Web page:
Superman has a day job and a bogus byline to boot. In his current iteration, he’s a stringer for the Daily Planet and thus a shoe-in to be the patron saint of journalists. Well, perhaps not all journalists – maybe just the ones in comics and those, like me, whose columns are quarantined to the funny pages to sidestep libel suits. This is fine with me, given my “truth vs. fact” credo, which has long leaned me in the direction of being a writer rather than a journalist despite the fact that most of my professional paychecks have come from newspapers.
When my yen to be pseudo-scholarly is at full rev, one might even say I’m into “fiction vs. fictionalism,” that latter of which, The Stanford Encyclopedia of Philosophy will have you know, is “the view that claims made within that discourse are not best seen as aiming at literal truth but are better regarded as a sort of ‘fiction.’” These are conversational conveniences, cultural assumptions like the fact we all know a pair of eyeglasses is sufficient to disguise one’s identity as a superhero.
It stands for reason then that my reporter-hero would not be a Woodward or Bernstein, say, but a 75-year-old figment of fiction. Sure, Watergate was a great story but the saga of a space alien with a Christ-complex and red underwear invented by a couple of outsider Jewish kids in Cleveland? You had me at Christ-complex.
I suppose I could go halfway between reality and fiction and choose as a role model someone like Hunter S. Thompson. But as my tolerance for hangovers has waned in inverse proportion to my affinity for blazers, so I’m inclined to align myself with the Tom Wolfe and George Plimpton camp. And by camp, I mean sleeping in my wrinkle-resistant coat, curled up in my Mini Cooper at a Walmart parking lot while they’re bunking at the Waldorf-Astoria. This is why my newsroom nickname should’ve been “Permanent Press” instead of “Deadline-less.”
In the essay “The Struggle Within: Superman’s Difficult Transition into the Age of Relevance,” (collected in The Ages of Superman: Essays on the Man of Steel in Changing Times edited by Joseph J. Darowski), author Paul R. Kohl observes that “writer Denny O’Neil introduced the comic book world to the idea of ‘relevance.’” At the time, O’Neil was penning stories for the combo title Green Lantern/Green Arrow circa 1970.
“It was an attempt O’Neil said, to combine his journalism background with his fiction writing by drawing on the work of ‘the new journalists,’ writers like Hunter S. Thompson, Norman Mailer and Tom Wolfe, who wrote about current issues with a combination of journalistic truthfullness and fictional artistry.”
What gets me is that Kohl left George Plimpton out of the mix and consequently missed the odd factoid that a gent named “George Plympton” is a credited writer on the first screen adaptation of Superman into a serial (note the suspicious “Y”). This is what happens when one stays up too late, juxtaposing search terms like “George Plimpton + Superman” just to see what might happen. What should have happened was a comic spread in the Paris Review that featured Plimpton taking on Clark Kent’s double duties as a newshawk and superhero a la his turn playing for the Detroit Lions. The results would’ve been hilarious, not least of which because, like the adaptation of Plimpton’s book Paper Lion, the obligatory motion picture would star Alan Alda, who would look even more more ridiculous than Plimpton in Superman drag.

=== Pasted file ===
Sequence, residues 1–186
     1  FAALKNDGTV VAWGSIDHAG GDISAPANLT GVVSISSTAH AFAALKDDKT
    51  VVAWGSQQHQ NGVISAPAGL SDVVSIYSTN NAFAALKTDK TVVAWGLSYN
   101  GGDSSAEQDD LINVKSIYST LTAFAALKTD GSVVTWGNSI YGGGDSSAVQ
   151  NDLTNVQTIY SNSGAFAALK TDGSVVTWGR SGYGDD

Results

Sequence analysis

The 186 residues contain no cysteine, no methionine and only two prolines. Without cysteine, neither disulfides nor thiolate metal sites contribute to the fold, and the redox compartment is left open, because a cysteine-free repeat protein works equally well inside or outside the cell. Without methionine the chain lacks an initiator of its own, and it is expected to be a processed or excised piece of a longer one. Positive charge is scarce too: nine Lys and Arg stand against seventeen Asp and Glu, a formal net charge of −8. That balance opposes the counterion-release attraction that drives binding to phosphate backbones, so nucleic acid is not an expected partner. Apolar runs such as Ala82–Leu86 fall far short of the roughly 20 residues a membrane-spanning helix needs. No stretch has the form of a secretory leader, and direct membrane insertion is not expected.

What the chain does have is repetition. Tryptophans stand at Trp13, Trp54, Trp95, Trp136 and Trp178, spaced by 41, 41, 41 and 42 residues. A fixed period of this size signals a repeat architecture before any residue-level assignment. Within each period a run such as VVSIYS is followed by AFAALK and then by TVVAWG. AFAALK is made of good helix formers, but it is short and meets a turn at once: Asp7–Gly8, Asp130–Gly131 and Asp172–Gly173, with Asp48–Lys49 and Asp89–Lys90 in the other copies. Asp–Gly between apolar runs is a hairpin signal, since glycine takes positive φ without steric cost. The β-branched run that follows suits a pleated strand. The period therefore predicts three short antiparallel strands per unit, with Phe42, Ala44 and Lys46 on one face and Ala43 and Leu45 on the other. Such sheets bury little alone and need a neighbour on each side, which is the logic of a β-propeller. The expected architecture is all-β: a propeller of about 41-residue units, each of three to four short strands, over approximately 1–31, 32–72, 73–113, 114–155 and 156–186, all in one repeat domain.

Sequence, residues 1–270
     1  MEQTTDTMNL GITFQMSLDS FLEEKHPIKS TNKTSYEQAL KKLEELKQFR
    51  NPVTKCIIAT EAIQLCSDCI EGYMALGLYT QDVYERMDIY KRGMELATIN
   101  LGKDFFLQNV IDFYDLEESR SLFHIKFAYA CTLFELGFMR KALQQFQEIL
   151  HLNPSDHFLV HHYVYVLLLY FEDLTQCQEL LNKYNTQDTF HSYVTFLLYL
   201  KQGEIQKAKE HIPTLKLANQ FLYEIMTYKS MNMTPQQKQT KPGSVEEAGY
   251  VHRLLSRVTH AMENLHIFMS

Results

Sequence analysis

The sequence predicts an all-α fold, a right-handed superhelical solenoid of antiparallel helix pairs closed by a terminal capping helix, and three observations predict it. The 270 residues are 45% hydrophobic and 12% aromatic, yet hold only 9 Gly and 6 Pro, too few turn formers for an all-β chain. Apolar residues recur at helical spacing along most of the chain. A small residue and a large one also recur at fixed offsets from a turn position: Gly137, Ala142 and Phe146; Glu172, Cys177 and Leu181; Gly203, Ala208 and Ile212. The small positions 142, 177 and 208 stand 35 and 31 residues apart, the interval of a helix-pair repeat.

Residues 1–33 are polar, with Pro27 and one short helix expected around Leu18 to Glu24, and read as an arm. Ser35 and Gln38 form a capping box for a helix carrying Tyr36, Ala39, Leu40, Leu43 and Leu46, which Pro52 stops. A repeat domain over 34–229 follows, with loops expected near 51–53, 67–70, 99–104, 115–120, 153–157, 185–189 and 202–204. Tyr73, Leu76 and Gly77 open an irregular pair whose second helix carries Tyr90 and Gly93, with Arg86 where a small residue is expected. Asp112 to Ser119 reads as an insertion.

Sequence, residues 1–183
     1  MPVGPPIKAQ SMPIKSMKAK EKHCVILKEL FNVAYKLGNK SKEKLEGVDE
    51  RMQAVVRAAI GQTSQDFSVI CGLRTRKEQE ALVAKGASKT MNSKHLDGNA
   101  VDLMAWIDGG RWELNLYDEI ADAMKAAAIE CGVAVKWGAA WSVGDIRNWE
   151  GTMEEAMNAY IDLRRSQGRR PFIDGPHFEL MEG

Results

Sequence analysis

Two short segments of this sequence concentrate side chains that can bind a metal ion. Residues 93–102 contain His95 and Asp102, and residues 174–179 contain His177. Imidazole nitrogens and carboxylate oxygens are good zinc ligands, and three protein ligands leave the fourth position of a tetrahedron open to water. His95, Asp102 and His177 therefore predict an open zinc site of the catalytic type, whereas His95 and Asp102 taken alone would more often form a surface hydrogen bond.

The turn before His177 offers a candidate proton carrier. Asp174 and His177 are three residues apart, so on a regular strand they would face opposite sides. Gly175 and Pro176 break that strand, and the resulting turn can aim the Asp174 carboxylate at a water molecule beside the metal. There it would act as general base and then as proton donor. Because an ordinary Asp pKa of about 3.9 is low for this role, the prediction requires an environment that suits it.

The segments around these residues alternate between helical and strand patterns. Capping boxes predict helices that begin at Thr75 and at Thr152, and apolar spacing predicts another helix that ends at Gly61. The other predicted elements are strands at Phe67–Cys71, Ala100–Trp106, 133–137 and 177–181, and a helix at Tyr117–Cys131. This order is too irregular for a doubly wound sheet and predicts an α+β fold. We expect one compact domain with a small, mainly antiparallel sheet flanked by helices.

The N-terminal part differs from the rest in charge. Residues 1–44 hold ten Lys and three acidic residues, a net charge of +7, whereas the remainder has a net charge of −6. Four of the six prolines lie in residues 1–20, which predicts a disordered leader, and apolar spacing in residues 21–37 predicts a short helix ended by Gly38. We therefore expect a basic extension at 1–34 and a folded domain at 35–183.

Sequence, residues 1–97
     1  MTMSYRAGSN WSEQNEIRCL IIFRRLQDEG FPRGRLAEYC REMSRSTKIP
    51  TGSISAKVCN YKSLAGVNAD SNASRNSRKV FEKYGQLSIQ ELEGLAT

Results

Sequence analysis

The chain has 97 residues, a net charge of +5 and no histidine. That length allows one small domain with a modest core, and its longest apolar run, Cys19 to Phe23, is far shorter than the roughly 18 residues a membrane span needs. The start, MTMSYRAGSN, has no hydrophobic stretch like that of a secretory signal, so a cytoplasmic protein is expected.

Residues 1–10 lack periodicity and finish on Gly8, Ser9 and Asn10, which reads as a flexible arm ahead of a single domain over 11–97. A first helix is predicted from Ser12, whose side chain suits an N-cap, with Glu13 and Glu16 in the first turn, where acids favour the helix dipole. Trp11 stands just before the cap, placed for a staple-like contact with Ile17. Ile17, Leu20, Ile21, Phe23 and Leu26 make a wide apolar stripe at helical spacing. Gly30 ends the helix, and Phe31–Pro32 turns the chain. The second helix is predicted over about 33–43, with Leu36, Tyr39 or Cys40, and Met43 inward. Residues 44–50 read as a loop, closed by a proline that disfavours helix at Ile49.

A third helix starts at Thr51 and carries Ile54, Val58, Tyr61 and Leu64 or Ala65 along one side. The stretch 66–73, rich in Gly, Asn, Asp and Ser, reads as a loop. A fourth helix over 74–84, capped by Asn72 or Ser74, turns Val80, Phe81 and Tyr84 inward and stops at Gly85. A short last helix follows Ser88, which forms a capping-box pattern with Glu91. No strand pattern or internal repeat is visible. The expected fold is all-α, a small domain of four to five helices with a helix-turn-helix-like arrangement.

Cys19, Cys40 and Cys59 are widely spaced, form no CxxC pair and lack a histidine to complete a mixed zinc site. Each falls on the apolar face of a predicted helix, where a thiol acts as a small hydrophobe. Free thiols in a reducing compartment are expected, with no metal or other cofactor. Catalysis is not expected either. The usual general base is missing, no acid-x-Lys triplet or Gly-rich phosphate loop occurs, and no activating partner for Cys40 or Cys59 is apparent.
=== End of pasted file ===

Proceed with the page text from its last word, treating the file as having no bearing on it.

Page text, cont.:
Henry Cavill, our current Man of Steel (and the first Englishman to play the role – which is sort of like having a Yank play James Bond, just say’n) delivers amiably as both Supe and Kent. In fact, his first bow as Kal-El is as much an origin story of Clark Kent as it is of Superman. In my opinion, the most dramatic physical transformation doesn’t occur when he first dawns the cape and boots but (spoiler alert) during a montage of close-ups in an elevator that depicts pair of eyeglasses being plucked from a coat pocket while en route to the Daily Planet’s newsroom.
Just enough visual info is telegraphed to know that the Clark Kent we know and love has arrived. And, of course, it helped sell the moment that the RealD 3-D glasses supplied by my local multiplex were a facsimile of the classic Clark Kent frames (except for their super blue hue and Superman insignia). The glasses were a masterstroke of form and function, aspiration and accessory.
In that moment, everyone in the audience was a “Clark Kent,” an identification confirmed by the spontaneous applause. And I prefer the truth of that moment over any fact to the contrary.
The infographic below comes courtesy of Eddie Duncan, who’s canny enough to put “Huge Fan of Your Work” in he’s emails to hacks like me. Thanks, Eddie – for the interesting infographic and the ass-kissing. You’ve found my personal Kryptonite…